There are not many automakers that can all-but guarantee their customers have serious cash. Rolls-Royce is one of them and went all-out with an NFT to go with the special-edition Black Badge variant of the new Ghost. The NFT is an animation created by artist and illustrator Mason London to celebrate the legacy of the extravagant Rolls-Royce Black Badge series. It makes sense as Rolls-Royce created the Black Badge in response to younger clients commissioning darker, edgier, yet outlandish designs for their commissions. Rolls-Royce also recognizes that it attracts what it describes as "outliers, visionaries, and iconoclasts." You can call them what you want.
This trippy NFT was sold in Canada alongside a Nissan GT-R Nismo Special Edition at auction for the princely sum of $2.3 million - over ten times the reserve price. Nissan Canada partnered with artist Alex McLeod to create the NFT part of the deal, and appreciation of the art will come down to taste. The fact the package was sold for so much over the reserve price is important as anything over the reserve was destined to go to charity. One of the upshots of NFTs is that they can be relatively inexpensive to produce compared to what they sell for, and that profit can go somewhere other than a giant corporation's pocket, which is a nice way to get some publicity.
Before Nissan auctioned a car with an NFT, Lykan did the same but with the single surviving stunt car used in the movie Furious 7. The car was sold with the interior still damaged, scratched paintwork and windows, a missing rear air intake, a damaged front grille, and no mirrors, so it was clearly used in the movie. The NFTs sold with the piece of Fast & Furious franchise movie history were exclusive images and 3D videos of the Lykan Hypersport stunt car, and went for $525,000. The final figure was a lot less than the estimated amount of between $750,000 and $2,500,000.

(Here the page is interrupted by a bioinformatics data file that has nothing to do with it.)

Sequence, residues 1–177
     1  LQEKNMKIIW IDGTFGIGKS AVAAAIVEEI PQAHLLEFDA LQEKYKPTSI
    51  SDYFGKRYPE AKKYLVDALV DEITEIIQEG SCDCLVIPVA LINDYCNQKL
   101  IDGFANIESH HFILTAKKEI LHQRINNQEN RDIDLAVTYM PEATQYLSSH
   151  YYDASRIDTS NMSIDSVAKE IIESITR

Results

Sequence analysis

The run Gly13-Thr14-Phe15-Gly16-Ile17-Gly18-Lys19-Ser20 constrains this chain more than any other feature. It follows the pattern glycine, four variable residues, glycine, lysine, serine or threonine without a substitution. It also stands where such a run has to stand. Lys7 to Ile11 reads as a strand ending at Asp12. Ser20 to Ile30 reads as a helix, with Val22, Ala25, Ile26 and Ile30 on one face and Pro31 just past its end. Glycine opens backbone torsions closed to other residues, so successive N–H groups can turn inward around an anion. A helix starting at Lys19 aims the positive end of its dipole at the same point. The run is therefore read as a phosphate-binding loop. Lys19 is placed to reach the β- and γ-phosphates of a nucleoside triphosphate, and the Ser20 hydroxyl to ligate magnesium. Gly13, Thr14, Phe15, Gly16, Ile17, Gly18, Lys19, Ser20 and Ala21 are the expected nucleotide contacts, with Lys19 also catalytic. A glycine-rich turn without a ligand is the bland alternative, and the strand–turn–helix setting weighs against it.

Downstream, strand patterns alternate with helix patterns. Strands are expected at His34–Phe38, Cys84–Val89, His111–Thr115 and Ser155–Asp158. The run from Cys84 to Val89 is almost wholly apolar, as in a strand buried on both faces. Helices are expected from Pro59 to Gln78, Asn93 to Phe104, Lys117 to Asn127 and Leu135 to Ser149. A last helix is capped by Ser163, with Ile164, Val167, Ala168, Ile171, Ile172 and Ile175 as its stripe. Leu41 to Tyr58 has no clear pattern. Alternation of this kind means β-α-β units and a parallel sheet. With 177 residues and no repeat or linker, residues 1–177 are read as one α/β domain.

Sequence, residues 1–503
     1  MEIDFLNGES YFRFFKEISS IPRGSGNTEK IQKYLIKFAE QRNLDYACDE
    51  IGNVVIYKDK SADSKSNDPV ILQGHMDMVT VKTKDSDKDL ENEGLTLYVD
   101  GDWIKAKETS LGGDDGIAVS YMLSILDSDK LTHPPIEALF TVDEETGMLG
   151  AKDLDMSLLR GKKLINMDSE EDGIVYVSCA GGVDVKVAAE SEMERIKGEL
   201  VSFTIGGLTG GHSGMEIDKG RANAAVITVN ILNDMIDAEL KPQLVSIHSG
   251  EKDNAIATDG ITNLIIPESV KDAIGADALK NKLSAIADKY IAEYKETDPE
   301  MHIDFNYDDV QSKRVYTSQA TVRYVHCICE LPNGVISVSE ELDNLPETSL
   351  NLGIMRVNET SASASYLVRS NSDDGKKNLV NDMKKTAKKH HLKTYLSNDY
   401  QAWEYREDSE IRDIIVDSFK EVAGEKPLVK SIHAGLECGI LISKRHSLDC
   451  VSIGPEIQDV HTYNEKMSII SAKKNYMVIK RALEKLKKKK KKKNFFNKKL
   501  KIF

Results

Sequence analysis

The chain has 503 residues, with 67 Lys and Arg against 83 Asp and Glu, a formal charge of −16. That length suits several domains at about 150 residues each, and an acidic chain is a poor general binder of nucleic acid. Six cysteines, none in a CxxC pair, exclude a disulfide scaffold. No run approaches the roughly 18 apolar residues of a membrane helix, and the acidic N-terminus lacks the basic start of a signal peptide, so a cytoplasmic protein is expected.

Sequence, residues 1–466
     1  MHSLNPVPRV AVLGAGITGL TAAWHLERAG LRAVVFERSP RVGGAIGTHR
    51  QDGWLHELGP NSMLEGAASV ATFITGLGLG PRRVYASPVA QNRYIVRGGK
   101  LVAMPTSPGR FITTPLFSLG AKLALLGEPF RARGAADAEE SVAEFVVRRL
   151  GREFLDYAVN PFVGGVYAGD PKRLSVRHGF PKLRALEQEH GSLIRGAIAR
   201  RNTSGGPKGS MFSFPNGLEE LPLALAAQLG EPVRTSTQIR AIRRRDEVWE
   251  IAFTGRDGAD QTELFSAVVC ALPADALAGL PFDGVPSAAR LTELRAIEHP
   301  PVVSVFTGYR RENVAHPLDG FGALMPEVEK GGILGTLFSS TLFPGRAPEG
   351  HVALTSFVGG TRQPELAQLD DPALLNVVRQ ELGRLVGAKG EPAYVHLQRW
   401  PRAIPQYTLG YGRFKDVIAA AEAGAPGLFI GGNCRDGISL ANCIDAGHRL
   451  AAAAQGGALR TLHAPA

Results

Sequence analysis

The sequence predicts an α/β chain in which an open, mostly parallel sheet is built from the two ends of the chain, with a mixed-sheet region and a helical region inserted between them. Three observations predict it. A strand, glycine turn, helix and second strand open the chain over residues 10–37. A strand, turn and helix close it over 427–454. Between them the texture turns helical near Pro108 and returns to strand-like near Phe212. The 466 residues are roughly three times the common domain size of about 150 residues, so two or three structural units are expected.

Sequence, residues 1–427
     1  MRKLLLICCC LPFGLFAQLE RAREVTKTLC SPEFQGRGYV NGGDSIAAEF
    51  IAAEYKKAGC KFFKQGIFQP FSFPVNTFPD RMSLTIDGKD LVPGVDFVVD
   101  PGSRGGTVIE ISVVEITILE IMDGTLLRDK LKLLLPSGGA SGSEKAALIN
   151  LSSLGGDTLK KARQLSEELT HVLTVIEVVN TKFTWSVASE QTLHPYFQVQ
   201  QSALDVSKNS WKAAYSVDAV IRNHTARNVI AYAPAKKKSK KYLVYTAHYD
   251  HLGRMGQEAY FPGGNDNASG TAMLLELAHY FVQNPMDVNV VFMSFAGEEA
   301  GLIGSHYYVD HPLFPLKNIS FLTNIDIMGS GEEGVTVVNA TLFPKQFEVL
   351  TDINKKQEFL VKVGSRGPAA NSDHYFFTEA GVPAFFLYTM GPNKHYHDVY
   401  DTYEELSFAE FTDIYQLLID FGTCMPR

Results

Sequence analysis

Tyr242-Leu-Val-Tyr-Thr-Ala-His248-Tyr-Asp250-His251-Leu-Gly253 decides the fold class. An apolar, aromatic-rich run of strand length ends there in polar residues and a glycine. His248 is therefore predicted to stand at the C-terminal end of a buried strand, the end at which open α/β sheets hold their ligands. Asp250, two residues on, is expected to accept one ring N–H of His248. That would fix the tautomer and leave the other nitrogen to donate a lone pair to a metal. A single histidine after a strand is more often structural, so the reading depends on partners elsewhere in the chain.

Ferrari's first road-going V6-powered car is a technological marvel, but the Ferrari 296 GTB still wasn't good enough for the German-based tuner, DMC. The fact that the hybrid generated 818 horsepower and 546 lb-ft wasn't enough either, so the company upgraded it to make 888 hp, then added forged carbon fiber aerodynamic panels and redesigned the two-piece front lip, rear spoiler and diffuser, and side skirts. Then, the company started on the buzzwords. The car is planned to be sold using a cryptocurrency payment method and come with a 3D NFT of the car. DMC also ways that the owner will later be able to interact with the NFT through Facebook's Metaverse or its augmented reality app. This seems absurd as they could just interact with the real thing sitting in the garage and which is capable of driving on a real road or track.
If you want to get into the NFT game, and it is a game, then the best and most affordable way is with a toy. That tracks as Hot Wheels has been the gateway for many people into cars as a hobby. Hot Wheels has a couple of series of its "NFT Garage," and the NFTs sell, initially, for $25. You don't just get one, though, and therein lies the rub. They are sold as a video game-style loot box that gives you several cars from the series. As you can expect, the idea is to trade and complete sets, and there are rare NFT cars that will likely end up piling on in value. The website hosting the NFTs is down at the time of writing, so we'll see how that plays out.